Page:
Others have said that every 20 minute bike trip equals AUD$14.30 to the Australian economy, that cycling is worth DKK1.22 per km to Danish economy, and that accounting for fuel and health savings and factoring in the value of saved lives, Portland OR gains $5 for every $1 it spends on bike infrastructure. Facts like these are usually taken as evidence that slowing the pace of city life is in some counterintuitive way, good in terms of economics. I think that’s a misreading.
Quite aside from the health and fuel savings, cycling increases mobility and access in a city. Cities with good cycling amenity draw more economic activity from each person living there, every day. How much more could each of us achieve every day in a city actually designed around cycling? I don’t want to waste my life nibbling at car space. I want to inspire someone, somewhere, to build a new city from scratch, without any cars. I want to see a city with the population of Sydney, but covering a land mass one-twentieth the size, and I want there to be no cars in sight. I don’t care if this happens in the first world, or third, or if it has to happen on urban wastelands. I just want it to be shown to be feasible, and advantageous, to give the entire ground plane of a city to cycling, and let people make bee-lines to their destinations with no interruption from motorised vehicles.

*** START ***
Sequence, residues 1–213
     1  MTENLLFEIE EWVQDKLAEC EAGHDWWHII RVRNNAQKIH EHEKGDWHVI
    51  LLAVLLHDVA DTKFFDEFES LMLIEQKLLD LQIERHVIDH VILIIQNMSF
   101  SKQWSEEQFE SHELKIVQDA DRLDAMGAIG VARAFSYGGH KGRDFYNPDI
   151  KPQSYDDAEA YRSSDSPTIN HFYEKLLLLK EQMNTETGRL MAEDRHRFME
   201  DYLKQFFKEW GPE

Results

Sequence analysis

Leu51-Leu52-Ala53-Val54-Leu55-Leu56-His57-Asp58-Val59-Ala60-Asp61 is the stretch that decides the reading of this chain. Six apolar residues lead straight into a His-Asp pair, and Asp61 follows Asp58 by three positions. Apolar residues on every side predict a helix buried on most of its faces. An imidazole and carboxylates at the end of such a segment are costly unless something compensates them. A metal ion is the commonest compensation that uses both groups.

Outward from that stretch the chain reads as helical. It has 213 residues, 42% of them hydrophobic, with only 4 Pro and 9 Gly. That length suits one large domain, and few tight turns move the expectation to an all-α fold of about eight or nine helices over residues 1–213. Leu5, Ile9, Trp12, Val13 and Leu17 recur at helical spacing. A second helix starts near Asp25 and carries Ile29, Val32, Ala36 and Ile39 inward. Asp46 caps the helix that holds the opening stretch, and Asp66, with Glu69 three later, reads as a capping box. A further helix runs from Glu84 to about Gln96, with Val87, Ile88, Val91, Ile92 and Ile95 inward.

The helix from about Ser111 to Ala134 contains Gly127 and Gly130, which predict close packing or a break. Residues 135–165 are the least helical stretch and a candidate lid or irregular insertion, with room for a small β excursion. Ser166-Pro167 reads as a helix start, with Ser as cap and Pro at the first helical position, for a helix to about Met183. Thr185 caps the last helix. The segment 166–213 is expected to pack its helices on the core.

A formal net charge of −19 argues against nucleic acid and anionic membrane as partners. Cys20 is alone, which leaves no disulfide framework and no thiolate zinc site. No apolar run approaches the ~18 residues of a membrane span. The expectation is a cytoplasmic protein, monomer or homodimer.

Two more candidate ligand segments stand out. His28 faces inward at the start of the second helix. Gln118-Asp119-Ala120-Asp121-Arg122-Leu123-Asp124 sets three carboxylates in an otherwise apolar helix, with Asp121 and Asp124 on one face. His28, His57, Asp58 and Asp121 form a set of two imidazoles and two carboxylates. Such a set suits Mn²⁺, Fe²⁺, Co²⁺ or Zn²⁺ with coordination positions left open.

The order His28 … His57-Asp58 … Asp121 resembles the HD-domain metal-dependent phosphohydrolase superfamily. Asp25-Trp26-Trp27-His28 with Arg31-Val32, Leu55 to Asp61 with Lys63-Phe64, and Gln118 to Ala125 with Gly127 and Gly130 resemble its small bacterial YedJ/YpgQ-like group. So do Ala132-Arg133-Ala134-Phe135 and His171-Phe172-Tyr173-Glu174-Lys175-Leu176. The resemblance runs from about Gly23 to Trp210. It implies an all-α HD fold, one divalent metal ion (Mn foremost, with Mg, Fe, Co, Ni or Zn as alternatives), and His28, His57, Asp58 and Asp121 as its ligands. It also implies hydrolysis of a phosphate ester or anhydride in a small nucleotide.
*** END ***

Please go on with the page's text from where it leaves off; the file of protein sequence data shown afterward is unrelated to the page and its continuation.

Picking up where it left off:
According to the Bureau of Infrastructure Transport and Regional Economics, unjustifiable congestion cost Sydney $5.4billion last year. The sister city I would like to build for Sydney, would streak ahead to such a degree that transport economics would need to be reinvented.
Car-centric urban design principles from the Modernist era captured hearts and minds with a hollow promise of reduced trip times. What few comprehended is that cars reduce the time it takes to reach places (e.g. mountains and beaches). but that cars increase travel times between people in cities. Institutions that exist for people to meet (schools, shops, offices, entertainment facilities etc), get pushed apart time-wise in a city where everybody comes wrapped in a car.
When I say my expertise is bicycle urban design, I think most people assume I would like us all to slow down, take a step back, chill for a while, and turn our backs on machine-age design theory. I think the opposite. I would like, before I die, to fulfil the Modernist promise of reduced trip times. I can’t promise the shortest trip time to mountain tops or to beaches. But a bicycle city could get everyone to work and to school a lot faster than with a car, bus or train system.